Thursday, September 30, 2010

knuckleheaded, hotheaded, ham-handed

I was interested in the occurrence of these words in the Asterisky Business article, specifically in their hyphenation.

The words appear in the following sentences:

In the fifth paragraph-
"...and then several more times in a ham-handed effort to get a roomful of sports reporters to retract or ignore his original use of the word."

And then in the second to last paragraph-
"I don't want Mr. McMackin punished for society's larger troubles any more than I want Prof. Henry Louis Gates or Sgt. James Crowley to bear sole racial responsibility for every inflexible cop or every hotheaded homeowner with an ego."

"And whether you believe it's the intolerance Crowley showed gates, or the intolerance Gates showed Crowley -- or the knuckleheaded intolerance Coach McMackin showed about lives different than his own -- it all gets you to the same place."

In each instance the word serves as an adjective, so why the difference in hyphenation? This is a good example of the evolution of words and how they change from two separate words, to hyphenated words, to a closed form. In the Merriam-Webster dictionary "ham-handed" and its derivatives are always hyphenated. "Knuckleheaded" is a closed compound.

Merriam-Webster lists "hotheaded" as a closed adjective but demonstrates its hyphenated use in the example: "He wrote a hot-headed letter." lists both versions, "hotheaded" and "hot-headed." This leads me to believe that there is not yet a consensus on the form of this word, and it is an example of the in-between on an evolutionary scale. Because it appears in the same paragraph as "knuckleheaded" the un-hyphenated form is appealing.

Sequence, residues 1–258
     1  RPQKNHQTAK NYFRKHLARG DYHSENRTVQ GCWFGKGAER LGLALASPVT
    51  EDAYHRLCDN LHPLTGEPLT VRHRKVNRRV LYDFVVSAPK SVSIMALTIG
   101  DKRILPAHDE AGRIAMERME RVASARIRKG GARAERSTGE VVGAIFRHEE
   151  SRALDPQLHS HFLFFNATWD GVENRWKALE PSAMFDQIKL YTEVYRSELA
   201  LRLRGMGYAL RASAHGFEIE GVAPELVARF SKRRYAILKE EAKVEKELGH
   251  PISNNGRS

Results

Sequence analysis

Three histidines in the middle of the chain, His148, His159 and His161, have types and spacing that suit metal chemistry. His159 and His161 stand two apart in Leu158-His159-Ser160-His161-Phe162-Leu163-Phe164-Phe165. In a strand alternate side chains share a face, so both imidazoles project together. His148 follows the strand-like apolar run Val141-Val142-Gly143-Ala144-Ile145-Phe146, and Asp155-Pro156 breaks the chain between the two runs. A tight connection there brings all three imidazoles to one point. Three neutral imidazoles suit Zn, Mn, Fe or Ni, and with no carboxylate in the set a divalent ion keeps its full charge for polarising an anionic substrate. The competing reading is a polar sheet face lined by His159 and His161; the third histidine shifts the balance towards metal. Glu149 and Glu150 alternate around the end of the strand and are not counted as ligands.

I'm still developing my understanding of compound adjectives and when they should be hyphenated, so please comment or correct me!


Chad said...

Yeah, this is a legitimate concern of yours, Samantha.

Regarding "hotheaded" and "knuckleheaded," my guess (which may be flawed) is that these adjectives are derived from their noun forms, which I understand to be the original and most common forms of the words. For example, "hotheaded" simply comes from the noun "hothead," which is a noun so common that it isn't hyphenated. Thus, when adapting the noun to fill an adjective role, all that was needed was to add the "-ed." Same story with "knuckleheaded."

But who knows? :)

Pat said...

Just a follow-up to Samantha's post and Chad's comment (both of which I was very glad to see): the OED (Oxford English Dictionary) sometimes has brief histories of the usage of words. You might try going to Hamilton and looking up these words to see if OED comments on them.